People tend to believe the message of The Secret because it seems to work sometimes. Circumstantial evidence might lead one to buy into the Law of Attraction, but this is only because there is a quite straightforward reason that the evidence exists: a positive attitude usually improves your life. It does so for three very simple (and non-mystical) reasons:

  • It changes how you feel. By simply viewing whatever happens from a different vantage point, events that would normally irk or depress you actually make you happy. Rather than seeing my evening with nothing to do as boredom and loneliness, I instead choose to view it as much-needed solitude, serenity and a chance to catch up on my reading. The circumstance is the same, but the effect it has on my mood is quite different.
  • It changes what you do. If someone calls to invite you to go out on the town you’re more likely to say “yes” if you have a good attitude. You’re more likely to meet new people, have new experiences and learn new things. And you’re more likely to be invited again in the future simply because you were agreeable the first time.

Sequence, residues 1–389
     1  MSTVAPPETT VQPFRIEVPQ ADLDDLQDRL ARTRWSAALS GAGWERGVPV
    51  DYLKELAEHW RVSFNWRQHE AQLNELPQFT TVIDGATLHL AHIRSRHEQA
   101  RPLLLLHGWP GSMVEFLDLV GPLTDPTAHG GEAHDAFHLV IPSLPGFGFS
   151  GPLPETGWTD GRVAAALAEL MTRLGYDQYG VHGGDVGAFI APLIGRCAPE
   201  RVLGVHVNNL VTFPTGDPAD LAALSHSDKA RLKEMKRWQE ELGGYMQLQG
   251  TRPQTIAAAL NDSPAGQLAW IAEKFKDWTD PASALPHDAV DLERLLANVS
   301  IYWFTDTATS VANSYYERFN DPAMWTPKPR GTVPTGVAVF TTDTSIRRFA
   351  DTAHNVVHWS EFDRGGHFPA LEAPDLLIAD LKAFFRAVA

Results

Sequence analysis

• It changes the way others respond to you. People with a great attitude are more likely to get hired and promoted. They have more friends, make fewer enemies and get invited to more parties and events. They often receive bigger raises. They are more likely to get the dates or mates they desire. They are more likeable, so life goes better for them.

So which came first, the chicken or the egg?  A raft of studies have demonstrated that success does not make people happy.  Even a lottery win of multiple millions only increases happiness for a few months.  To the contrary, results are conclusive that happiness creates success, not the other way around. So here’s a “secret” you can trust: discipline yourself to put a smile on your face and have a positive attitude, and success will usually follow. It’s not magic, but it makes life a more magical experience!